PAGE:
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Synapse. 2013 Sep;67(9):586-95. doi: 10.1002/syn.21664. Epub 2013 Apr 18.

The dopamine D₁ receptor agonist (S)-[¹¹C]N-methyl-NNC 01-0259 is not sensitive to changes in dopamine concentration--a positron emission tomography examination in the monkey brain.

Author information

1
Translational Science Center at Karolinska Institutet, AstraZeneca, Stockholm, Sweden. sjoerd.finnema@ki.se

Abstract

Dopamine D₂ receptor positron emission tomography (PET) radioligands have proven useful for indirect assessment of the endogenous dopamine concentration in the living brain. On the contrary, dopamine D₁ receptor antagonist radioligands have shown no sensitivity to changes in the dopamine concentration. A recent approach to enhance the sensitivity of radioligands to the dopamine concentration has been the development of dopamine D₂ receptor agonist radioligands. The aim of this study was to evaluate the dopamine sensitivity of a dopamine D₁ receptor agonist radioligand. For this purpose, we developed (S)-[¹¹C]N-methyl-NNC 01-0259 ((S)-[¹¹C]1) and characterized the receptor binding of (S)-[¹¹C]1 using in vitro receptor binding assays and in vivo PET measurements in monkeys. In vitro, both enantiomers of 1 were partial dopamine D₁ receptor agonists, with (S)-1 having a 10-50 times higher affinity than (R)-1. PET studies in monkey confirmed the stereoselectivity of [¹¹C]1 in vivo. In monkey, administration of the dopamine D₁-like receptor antagonist (R)-(+)-SCH 23390 decreased the striatal binding potential of (S)-[¹¹C]1 by 97%, but administration of the dopamine concentration enhancer d-amphetamine did not affect (S)-[¹¹C]1 binding. We conclude that the agonist (S)-[¹¹C]1 provides specific binding to dopamine D₁-like receptors, possibly representing binding to the high-affinity state of the receptors. The partial dopamine D₁ receptor agonist radioligand has, however, no enhanced sensitivity to endogenous dopamine concentrations in comparison with antagonist radioligands.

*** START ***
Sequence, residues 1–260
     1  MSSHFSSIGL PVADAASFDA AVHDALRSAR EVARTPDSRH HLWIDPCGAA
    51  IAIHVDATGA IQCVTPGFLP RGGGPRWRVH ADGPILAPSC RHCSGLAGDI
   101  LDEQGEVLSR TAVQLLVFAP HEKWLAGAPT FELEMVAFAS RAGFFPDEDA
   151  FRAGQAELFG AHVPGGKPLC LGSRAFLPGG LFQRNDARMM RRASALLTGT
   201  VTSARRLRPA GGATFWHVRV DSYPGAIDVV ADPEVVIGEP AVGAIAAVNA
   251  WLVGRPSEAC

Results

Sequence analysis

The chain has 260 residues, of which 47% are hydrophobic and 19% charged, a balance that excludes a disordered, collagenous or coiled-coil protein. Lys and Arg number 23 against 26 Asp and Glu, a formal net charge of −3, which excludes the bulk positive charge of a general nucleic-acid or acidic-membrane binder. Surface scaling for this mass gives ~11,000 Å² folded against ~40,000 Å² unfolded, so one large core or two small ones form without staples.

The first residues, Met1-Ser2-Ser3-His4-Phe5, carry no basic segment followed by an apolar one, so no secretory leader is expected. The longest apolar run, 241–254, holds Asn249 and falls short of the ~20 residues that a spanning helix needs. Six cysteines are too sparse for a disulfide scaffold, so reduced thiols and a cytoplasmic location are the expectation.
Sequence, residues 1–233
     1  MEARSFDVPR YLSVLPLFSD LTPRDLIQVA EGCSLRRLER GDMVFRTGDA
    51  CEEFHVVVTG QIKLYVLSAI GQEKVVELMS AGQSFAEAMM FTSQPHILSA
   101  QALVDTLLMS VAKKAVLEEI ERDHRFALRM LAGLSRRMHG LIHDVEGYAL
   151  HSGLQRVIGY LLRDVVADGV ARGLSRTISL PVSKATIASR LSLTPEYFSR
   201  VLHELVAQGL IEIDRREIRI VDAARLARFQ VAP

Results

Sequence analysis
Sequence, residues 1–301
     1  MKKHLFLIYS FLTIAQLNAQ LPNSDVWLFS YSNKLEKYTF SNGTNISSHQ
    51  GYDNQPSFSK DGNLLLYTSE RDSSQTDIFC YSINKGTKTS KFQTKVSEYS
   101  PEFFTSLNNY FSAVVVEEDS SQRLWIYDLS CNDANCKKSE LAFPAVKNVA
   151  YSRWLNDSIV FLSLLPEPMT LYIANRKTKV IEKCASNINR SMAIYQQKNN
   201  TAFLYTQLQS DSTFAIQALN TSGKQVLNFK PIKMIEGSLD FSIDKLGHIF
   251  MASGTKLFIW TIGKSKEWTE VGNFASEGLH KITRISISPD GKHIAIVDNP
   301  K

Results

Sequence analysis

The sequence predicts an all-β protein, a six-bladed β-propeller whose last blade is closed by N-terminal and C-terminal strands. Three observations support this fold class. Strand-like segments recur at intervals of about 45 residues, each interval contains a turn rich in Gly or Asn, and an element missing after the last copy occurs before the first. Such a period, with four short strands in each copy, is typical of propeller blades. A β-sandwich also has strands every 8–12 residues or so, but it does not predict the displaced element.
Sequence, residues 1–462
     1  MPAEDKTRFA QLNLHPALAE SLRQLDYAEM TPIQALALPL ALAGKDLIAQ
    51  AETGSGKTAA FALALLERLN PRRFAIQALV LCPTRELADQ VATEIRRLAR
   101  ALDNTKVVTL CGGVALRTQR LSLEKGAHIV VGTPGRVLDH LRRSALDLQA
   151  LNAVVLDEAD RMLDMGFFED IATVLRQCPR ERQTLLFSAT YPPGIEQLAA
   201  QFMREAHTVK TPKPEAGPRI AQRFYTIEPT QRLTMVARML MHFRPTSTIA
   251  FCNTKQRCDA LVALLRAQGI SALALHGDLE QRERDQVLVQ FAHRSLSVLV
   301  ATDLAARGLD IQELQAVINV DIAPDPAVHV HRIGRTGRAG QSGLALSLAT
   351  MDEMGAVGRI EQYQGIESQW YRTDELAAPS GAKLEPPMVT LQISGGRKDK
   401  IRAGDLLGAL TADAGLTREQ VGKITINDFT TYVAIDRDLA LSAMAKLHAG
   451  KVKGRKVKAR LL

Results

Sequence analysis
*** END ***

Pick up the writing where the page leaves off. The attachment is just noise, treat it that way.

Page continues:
KEYWORDS:

MDL-100907; catecholamines; d-amphetamine; neurotransmitter; nonhuman primates

PMID:
23504964
DOI:
10.1002/syn.21664
[Indexed for MEDLINE]

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